Three women, three media, three interpretations of why art matters in today’s world.
Location: Toronto Insta handle: @kaleyflowers Medium: Ceramics
When did you start calling yourself an artist? “I can’t exactly remember when—I’ve been keen on drawing and crafting since I was very young. I didn’t consider myself a professional artist until after I graduated from OCAD in 2015.” What do people think your art is trying to say? “People often tell me that my work makes them happy—that it is fun, thoughtful and a unique approach to ceramics.” What are you trying to say with your art? “My art is all about reinterpreting the craft of ceramics, which is deeply rooted in rich, diverse traditions. My interest in digital culture, however, has led me to use clay as a material to solidify the ephemeral, fleeting nature of technology into tangible objects.” How do you see the world differently than others? “I try to be mindful and positive but also aware and critical of the complexities of everything. It’s important to escape that personal bubble from time to time.”
MARIA JOSE GOVEA
Location: Los Angeles Insta handle: @thesupermaniak Medium: Photography
When did you start calling yourself an artist? “The kind of work I do is certainly on the artistic spectrum of photography, but I’ve always been more comfortable calling myself a photographer. It’s more practical.” What are you trying to say with your art? “I try to capture raw energy and beauty in motion.” How do you see the world differently than others? “We all see the world differently. I just figured out how to use my camera to show my point of view and what I think is pretty, powerful, honest, important.” Why does art matter? “Because it’s an incredible tool to express our human condition.”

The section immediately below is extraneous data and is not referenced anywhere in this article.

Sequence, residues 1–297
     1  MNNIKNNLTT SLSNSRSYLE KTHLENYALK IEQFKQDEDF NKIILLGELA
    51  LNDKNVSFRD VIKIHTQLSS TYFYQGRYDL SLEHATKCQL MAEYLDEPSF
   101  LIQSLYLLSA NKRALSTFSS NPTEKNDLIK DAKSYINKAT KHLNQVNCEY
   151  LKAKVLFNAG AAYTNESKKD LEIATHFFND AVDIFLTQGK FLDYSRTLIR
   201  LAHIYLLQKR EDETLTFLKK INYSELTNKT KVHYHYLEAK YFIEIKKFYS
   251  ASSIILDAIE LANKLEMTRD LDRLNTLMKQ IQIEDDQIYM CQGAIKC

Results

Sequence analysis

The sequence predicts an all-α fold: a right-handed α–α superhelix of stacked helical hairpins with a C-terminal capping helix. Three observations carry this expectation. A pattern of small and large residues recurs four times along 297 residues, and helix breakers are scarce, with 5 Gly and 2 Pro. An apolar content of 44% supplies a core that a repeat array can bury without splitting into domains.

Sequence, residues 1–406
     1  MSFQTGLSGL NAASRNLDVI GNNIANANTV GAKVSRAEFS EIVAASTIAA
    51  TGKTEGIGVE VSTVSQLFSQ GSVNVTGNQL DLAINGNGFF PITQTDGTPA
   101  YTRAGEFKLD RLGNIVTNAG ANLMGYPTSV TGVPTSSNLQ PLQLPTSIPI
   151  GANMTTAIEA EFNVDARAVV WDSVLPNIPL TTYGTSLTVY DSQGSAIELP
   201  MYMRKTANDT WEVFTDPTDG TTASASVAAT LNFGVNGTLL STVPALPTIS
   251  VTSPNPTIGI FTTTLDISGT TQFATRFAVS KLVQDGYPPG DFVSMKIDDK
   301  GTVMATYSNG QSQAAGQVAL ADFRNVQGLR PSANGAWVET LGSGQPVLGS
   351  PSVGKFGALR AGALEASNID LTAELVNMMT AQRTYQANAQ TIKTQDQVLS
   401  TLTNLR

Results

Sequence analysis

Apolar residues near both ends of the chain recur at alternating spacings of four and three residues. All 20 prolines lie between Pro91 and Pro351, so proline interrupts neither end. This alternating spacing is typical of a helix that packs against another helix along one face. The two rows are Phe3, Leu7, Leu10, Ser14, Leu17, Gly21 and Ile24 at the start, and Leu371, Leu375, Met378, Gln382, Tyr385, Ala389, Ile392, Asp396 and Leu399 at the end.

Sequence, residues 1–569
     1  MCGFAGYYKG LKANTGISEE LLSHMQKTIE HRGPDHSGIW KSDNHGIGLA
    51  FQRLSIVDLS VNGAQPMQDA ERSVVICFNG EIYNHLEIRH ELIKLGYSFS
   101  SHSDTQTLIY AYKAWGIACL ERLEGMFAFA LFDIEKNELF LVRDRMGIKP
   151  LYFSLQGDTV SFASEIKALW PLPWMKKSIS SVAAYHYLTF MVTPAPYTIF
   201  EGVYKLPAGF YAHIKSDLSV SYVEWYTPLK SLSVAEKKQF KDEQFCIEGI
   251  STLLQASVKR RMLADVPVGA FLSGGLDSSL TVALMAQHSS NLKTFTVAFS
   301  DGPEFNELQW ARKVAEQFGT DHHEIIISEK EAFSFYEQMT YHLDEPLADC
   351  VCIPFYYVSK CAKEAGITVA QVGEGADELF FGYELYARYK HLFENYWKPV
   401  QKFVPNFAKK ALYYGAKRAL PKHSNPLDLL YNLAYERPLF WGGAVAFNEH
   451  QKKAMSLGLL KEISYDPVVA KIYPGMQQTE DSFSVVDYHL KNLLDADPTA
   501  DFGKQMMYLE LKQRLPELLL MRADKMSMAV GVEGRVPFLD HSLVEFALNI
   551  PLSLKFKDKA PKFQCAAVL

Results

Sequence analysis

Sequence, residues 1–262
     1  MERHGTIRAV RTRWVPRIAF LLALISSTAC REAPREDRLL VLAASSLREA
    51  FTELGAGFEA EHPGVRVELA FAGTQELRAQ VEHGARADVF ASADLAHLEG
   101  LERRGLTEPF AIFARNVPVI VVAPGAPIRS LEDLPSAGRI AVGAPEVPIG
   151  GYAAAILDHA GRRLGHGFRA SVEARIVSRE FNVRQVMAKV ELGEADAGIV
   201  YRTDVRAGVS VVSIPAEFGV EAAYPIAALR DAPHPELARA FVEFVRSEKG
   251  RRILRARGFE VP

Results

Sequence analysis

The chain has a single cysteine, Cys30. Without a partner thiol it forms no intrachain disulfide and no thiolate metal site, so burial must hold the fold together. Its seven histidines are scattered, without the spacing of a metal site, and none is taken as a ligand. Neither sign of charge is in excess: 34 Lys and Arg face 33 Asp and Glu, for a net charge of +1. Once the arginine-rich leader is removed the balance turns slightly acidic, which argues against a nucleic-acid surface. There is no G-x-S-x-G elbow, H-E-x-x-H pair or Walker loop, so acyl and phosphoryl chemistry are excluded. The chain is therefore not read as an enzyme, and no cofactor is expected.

Location: Toronto Insta handle: @quinnrockliff Medium: Interdisciplinary
When did you start calling yourself an artist? “Calling yourself an artist is like promising yourself to keep creating long term, so making art part of my identity was an important moment of deciding to use my artistic practice and experiences to unpack both my personal traumas and my reflections on women’s issues in society.” What do people think your art is trying to say? “Most people still equate nudity with sexuality, but in a time when images are shared so freely—and often without consent or a context—I’m trying to get people to think critically about the link between those two things.” What are you trying to say with your art? “The nudity portrayed in my work is not only about sexuality; it’s about owning your own image and consent and controlling how the image is shared and viewed by others.” Why does art matter? “I hope that my work sparks conversation and reflection.”